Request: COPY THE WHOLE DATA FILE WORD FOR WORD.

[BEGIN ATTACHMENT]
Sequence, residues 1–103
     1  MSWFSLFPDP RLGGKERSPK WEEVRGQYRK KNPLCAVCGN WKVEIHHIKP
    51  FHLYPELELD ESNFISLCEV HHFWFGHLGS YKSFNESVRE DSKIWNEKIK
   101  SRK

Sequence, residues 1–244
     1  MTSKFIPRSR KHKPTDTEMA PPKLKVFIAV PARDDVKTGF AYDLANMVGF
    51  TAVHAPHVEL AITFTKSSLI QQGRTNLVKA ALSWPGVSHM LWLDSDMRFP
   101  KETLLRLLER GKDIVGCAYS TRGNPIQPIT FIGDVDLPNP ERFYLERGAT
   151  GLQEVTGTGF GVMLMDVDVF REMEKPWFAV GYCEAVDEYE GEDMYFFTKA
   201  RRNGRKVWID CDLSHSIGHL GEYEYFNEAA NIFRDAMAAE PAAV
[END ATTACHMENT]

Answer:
Sequence, residues 1–103
     1  MSWFSLFPDP RLGGKERSPK WEEVRGQYRK KNPLCAVCGN WKVEIHHIKP
    51  FHLYPELELD ESNFISLCEV HHFWFGHLGS YKSFNESVRE DSKIWNEKIK
   101  SRK

Sequence, residues 1–244
     1  MTSKFIPRSR KHKPTDTEMA PPKLKVFIAV PARDDVKTGF AYDLANMVGF
    51  TAVHAPHVEL AITFTKSSLI QQGRTNLVKA ALSWPGVSHM LWLDSDMRFP
   101  KETLLRLLER GKDIVGCAYS TRGNPIQPIT FIGDVDLPNP ERFYLERGAT
   151  GLQEVTGTGF GVMLMDVDVF REMEKPWFAV GYCEAVDEYE GEDMYFFTKA
   201  RRNGRKVWID CDLSHSIGHL GEYEYFNEAA NIFRDAMAAE PAAV